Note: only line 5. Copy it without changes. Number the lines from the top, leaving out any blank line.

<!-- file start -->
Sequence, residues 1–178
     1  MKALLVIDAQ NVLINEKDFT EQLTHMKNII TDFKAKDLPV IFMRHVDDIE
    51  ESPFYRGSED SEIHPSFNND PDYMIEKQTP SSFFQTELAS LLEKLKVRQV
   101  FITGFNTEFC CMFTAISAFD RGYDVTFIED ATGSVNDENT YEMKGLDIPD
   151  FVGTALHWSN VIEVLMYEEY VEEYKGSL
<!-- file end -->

   151  FVGTALHWSN VIEVLMYEEY VEEYKGSL